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Old 09-17-2016
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Advice for new owner

Hello I just bought my first ranger and it's an automatic 2003 4.0 edge model with 135k miles. It runs fine but the engine idles poorly as if it's trying not to die and sometimes when i pop it into reverse it knocks back pretty hard. Are these issues of concern or normal? Also are there any common problems that should be checked out?
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Old 09-17-2016
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Welcome to the forum.


No, none of those are normal operation.

2003 4.0l will have the 5R55E automatic, good transmission but at 135k will be on the backside of the time to rebuild hill, 120k is the top of the hill, lol

All automatics run on Pressure, Fords are no different, Reverse requires the highest pressure, so any pressure issues will usually show up first in Reverse.
That's why when an automatic starts to fail common thing is that it is slow to engage and then looses Reverse.
Hard clunk into Reverse could be sticking solenoid, or leaking valve body gasket, these can be checked and changed without removing transmission.

What does the transmission fluid look like?
When was it last changed?

Lucas Transmission fix can be good for high mile transmissions, it swells gaskets and seals in the trans so keeps pressure up, not a "fix" as claimed but can be a "extender" so trans lasts a few more miles.

And ALL automatics need two transmission coolers, the one in the radiator is fine for 100k miles if you never tow or carry any loads to speak of, or drive when outside temp is above 90degF, 2nd air cooler will add 50K plus miles to that.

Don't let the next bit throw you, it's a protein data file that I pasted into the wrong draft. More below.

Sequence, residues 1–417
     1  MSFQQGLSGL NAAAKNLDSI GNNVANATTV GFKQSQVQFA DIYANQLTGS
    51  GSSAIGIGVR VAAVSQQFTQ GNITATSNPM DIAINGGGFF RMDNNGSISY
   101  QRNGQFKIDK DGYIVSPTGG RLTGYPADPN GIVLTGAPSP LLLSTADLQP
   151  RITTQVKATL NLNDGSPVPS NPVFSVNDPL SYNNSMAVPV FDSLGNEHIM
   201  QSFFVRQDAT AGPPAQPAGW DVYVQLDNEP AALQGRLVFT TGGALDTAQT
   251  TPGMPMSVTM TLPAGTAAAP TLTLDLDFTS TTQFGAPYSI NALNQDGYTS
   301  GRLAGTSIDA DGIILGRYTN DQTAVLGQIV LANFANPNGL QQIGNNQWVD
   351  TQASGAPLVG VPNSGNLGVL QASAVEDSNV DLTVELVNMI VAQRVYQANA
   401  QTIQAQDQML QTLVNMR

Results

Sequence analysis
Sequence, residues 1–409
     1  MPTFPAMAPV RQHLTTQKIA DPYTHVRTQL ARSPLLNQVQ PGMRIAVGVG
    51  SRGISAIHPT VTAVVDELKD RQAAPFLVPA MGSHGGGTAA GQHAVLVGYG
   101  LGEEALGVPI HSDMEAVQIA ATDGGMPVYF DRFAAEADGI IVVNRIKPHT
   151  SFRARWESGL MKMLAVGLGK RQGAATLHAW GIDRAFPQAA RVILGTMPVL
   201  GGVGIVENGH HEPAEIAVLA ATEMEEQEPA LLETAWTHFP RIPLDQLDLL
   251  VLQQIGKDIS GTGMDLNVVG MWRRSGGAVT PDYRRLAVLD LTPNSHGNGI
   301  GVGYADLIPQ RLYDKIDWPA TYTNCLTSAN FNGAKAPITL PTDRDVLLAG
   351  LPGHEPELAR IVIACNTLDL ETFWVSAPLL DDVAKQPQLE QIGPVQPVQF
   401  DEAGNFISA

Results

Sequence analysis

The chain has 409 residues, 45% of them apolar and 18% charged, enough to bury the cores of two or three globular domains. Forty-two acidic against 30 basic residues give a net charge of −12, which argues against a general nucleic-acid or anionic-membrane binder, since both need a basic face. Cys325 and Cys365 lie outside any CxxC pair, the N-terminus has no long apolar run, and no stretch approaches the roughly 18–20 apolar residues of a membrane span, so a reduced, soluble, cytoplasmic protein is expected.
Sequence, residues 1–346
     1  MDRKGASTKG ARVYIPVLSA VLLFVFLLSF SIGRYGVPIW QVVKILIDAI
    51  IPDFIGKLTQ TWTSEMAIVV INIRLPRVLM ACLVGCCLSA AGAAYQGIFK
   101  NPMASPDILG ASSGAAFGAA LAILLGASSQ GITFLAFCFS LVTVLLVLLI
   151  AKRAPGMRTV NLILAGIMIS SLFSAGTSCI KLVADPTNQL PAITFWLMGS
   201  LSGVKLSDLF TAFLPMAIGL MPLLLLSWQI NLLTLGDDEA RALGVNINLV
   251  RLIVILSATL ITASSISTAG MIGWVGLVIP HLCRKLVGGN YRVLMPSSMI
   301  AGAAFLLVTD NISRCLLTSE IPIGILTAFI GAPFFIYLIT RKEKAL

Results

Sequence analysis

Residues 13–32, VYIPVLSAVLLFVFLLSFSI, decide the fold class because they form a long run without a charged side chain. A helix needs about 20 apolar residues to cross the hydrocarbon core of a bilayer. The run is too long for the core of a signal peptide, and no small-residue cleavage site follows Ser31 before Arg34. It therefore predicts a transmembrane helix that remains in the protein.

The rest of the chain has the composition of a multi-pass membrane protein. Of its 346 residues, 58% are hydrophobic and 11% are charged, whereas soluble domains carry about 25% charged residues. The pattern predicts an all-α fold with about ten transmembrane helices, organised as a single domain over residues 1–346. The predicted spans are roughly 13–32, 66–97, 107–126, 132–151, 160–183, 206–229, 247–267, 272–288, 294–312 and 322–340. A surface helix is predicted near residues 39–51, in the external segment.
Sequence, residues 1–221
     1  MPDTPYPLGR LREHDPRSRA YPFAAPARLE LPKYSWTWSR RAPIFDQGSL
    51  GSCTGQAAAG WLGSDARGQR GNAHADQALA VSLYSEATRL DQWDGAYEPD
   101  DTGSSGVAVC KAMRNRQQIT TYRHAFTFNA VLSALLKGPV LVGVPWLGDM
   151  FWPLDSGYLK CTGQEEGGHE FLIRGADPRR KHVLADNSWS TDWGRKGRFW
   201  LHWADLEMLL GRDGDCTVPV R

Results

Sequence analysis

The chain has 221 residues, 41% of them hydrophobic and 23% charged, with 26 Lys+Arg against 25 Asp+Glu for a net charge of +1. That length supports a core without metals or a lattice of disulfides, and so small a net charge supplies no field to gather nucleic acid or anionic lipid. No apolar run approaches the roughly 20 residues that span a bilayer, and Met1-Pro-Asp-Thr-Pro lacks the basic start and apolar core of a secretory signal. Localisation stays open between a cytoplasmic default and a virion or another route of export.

You want trans fluid to stay between 175 and 200degF
Engine runs best at 200degF, so radiator is 180degF at best, if climbing a hill engine heats up, trans heats up and rads is at 200degF, so 0 cooling to stay below 200degF for trans fluid, lol.
Best money you will ever spend is on a 2nd trans cooler.
You may have one already so check first.


Is the idle rough only when cold or only when warmed up, or all the time?

Could need new spark plugs, gap is .054 on this engine so they need to be gapped before installing, out of the box they are often .035-.040 so wouldn't idle very well.

Fuel injected engines use an air valve to set idle, Ford calls theirs an IAC(idle air control) Valve.
The computer opens this valve all the way for starting, so without touching the gas pedal, when you start the engine RPMs should go up above 1,500 then drop back down to 1,100 for cold engine, or about 750 for warmed up engine.
When you put trans into gear idle should bump up 50-100rpm, this part can cause the clunk in reverse if trans solenoid is sticking, normally the trans eases into reverse as soon as you shift it, and then computer bumps up the idle, so no clunk, if reverse is delayed then RPMs are higher and you get the clunk.

If idle is not changing with cold and warm engine temps then could be IAC Valve needs to be cleaned.

Also the MAF(mass air flow) sensor(on air filter box) should be cleaned every 5 years or so, and fuel filter replaced at the same time, under cab, drivers seat area, in frame rail.

Last edited by RonD; 09-17-2016 at 01:43 PM.
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Old 09-18-2016
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In addition to what RonD said about transmission fluid: a visual aid + more info.